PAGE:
Anxiety is an unpleasant and unaccountable state of
worrying or fear accompanied by physiological symptoms,
such as sweat, palpitation, and trembling. Excessively
high levels of suffering and functional disorders due to
the foregoing anxiety can be defined as anxiety disorder.
The treatment is generally performed with considerations
given to both the use of medicines such as antidepressant
agents, SSRI, MAO inhibitors, and beta blockers and the
use of psychiatric therapy. Kampo treatment is also
regarded as effective means of treatment for anxiety
disorder. In the patient of Case 2, as a strong refusal was
present against drugs such as antianxiety agents and
psychotropic agents, consoling efforts were made for the
patient during the Kampo medication with an approach
of saying “trust yourself, maintain productive activities”.
Due to this, curing was achieved in a short period of the
treatment course, or about three months without causing
any other disorder.
Case 1 and Case 2 are mother and child. Different
medications were used but both cases showed curing
without any other disorder within several months from
the development of symptoms. There have been six
months since then and any symptoms have not recurred.
Responsiveness to Kampo treatment closely resembles
between the mother and the child, which may
interestingly be similar to that of the case reported by
Ninomiya, so that our cases may become a potential
reference for diagnosis and treatment of mother and
For the Case1 reported herein, following was
successively administered: Tsumura- simbuto 真 武 湯
Extract 7.5g/day, Kotaro-anchusan 安 中 散 Extract 6
capsules. Ingredients and herb distribution country of
ryukotuto 竜 骨 湯 administered to the Case 2 are as
Ryukotsuto: Dragon’s bone (3.0g, China), cinnamon bark
(3.0g), thinleaf milkwort root (3.0g, China), ophilopogon
japonicus (3.0g, China), oyster (3.0g, Japan), poria
sclerotium (5.0g, China), licorice root (0.5g, China),
Ginger (1.0g, China).
F: “Parent-child Case of Psychosomatic
Disorders”, Tosei Kanpo Kenkyushitu, 27, 5-8, 2004
Disorder, Pain and Clinial Practice” , 4 296-302, 2004
OGURA S: “Interpretation of Shokanron”, 123-125, Ido no
Nihonsha, Kanagawa, 1991
SEKIYA N, CHINO M, ONO K, TERASAWA K: “Applications of
Anchusan to orthostatic disturbance with a chief complaint of
periumbilial pain”, Journal of Kampo Medcine, 52, 1313-1317,
HASEGAWA Y: “Hutsugoyakushituhoukan-kuketu Shiyakugi”,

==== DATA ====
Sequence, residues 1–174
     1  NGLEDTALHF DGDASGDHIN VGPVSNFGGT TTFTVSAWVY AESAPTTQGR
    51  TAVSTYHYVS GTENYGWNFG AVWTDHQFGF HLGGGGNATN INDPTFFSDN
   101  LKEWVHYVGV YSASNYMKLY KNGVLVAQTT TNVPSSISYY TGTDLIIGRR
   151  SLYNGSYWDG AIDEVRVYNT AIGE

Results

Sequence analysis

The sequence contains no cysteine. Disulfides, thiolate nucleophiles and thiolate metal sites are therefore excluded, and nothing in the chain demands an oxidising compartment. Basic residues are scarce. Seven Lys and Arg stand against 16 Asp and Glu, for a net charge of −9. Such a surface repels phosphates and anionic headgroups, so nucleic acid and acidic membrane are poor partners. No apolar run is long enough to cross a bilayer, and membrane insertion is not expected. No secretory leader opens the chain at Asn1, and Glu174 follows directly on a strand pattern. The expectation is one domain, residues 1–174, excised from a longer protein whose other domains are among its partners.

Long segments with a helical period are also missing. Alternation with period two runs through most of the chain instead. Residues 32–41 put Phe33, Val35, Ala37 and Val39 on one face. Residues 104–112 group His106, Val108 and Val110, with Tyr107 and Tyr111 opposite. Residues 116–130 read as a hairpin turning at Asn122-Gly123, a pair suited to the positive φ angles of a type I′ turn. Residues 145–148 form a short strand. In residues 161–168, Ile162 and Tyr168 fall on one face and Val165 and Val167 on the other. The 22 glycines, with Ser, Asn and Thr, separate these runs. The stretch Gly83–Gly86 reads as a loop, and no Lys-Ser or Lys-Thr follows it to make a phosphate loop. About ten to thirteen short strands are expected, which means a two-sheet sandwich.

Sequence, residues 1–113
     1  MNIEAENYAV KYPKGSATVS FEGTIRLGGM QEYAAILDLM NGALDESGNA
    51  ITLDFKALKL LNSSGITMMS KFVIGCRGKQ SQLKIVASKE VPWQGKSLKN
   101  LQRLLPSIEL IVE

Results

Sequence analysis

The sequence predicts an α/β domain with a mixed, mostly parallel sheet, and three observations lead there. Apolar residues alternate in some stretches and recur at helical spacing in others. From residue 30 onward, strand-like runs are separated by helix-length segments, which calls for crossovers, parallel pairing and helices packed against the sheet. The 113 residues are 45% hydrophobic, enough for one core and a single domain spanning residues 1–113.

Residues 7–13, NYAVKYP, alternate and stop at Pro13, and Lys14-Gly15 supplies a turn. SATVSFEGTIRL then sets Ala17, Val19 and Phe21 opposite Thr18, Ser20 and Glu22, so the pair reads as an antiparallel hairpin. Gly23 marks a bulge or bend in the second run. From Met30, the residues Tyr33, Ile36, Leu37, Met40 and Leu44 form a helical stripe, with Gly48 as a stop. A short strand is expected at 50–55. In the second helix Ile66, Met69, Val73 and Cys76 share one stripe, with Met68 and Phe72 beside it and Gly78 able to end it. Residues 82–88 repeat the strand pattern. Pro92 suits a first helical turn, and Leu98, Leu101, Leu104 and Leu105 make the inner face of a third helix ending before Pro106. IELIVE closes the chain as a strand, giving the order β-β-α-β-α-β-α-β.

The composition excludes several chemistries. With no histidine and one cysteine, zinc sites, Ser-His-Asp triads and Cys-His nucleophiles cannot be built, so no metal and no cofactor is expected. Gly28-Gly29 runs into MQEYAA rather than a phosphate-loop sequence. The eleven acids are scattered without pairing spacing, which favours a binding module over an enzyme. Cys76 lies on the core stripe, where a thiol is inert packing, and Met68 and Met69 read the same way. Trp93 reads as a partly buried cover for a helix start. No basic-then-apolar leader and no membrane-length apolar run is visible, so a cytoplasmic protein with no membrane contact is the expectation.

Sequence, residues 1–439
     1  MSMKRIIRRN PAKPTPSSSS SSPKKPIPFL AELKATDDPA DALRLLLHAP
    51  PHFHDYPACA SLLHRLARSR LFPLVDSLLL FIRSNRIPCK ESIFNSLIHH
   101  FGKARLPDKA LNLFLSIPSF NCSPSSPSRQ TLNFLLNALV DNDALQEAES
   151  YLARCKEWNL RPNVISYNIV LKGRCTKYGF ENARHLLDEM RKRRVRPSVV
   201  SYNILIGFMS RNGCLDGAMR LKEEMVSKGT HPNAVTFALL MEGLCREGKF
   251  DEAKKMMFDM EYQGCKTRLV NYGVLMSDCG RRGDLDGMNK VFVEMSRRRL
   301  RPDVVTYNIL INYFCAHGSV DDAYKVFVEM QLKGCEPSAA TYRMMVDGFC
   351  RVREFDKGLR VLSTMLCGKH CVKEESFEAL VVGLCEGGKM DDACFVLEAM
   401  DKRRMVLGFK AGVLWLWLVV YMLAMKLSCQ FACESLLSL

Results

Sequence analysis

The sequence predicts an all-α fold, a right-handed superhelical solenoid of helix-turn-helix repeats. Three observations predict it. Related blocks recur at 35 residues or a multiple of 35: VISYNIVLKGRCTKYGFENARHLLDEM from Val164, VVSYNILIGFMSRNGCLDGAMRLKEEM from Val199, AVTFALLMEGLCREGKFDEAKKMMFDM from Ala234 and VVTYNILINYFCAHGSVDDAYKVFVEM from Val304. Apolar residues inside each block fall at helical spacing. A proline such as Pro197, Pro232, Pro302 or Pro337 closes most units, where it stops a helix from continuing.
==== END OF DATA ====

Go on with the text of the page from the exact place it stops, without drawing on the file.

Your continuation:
178-179, Sogensha, Osaka, 1994
Bass C, Benjamin S: “The management of chronic somatisation,
Br.J.Psychiatry”, 162, 472-480, 1993
KANBA S (translation supervised): “Psychiatric Medicine for
Residents 2nd edition”, 125-126 Medical Science International,
Tokyo, 2002
KASAI R: “Somatization: A Review”, The Journal of Family
Practice, 2, 65-70, 1994
KANBA S: “Psychiatric Medine for Residents - 2nd edition”,
95-107, Medical Science International, Tokyo, 2002
KINEBUCHI A : “Kampo Therapy for Anxiety Disorder”,
Japanese Journal of Geriatric Psychiatry, 7, 1199-1204, 1996
Journal of Kampo Medicine 2008
Three Cases of Inflammatory Bowel Diseases
Effectively Treated with Kampo Medicine
Tetsuro Oikawa, Akihiko
Toshihiko Hanawa
Oriental Medicine Research Center, Kitasato University
[Case No. 1] age 33, male
[Chief complaint] ulcerative colitis, abdominal pain
[Family history]
no items warranting special mention
[Past history]
no items warranting special mention
[Present illness] Five years ago development of diarrhea,
frequent occurrence of bloody stools and three months ago
the patient went to have colonoscopic examination
because of aggravating symptoms. He was diagnosed with
ulcerative colitis affecting the entire colon and prescribed
5-ASA 2250 mg/day (later changed to 1,500 mg/day) to
control the inflammation, whereupon the diarrhea and
bloody stools were alleviated. However, the abdominal
pain was not relieved, so that he suffered during work
from tenesmus-like abdominal discomfort that after some
time adversely affected his work performance. During the
night he experienced a tense feeling in his low back that
frequently interfered with his sleep.
[Present status] Height: 172 cm, weight: 70 kg, blood
pressure: 118/68 mmHg
The tongue was in a state between dry and moist and
had a thin white coating. The pulse was deep. Regarding
the abdominal pattern a moderate degree of strength,
fullness, tenderness or discomfort of the hypochondrium
and increased resistance and tenderness of the epigastric
region as well as a minor degree of stiffness of abdominal
muscles were observed. Bowel movements once daily, soft
Prescription: saikokeishito 柴 胡 桂 枝 湯
(shakuyaku 4 g). Two weeks later the patient reported
"About 3 days after I started taking the medication the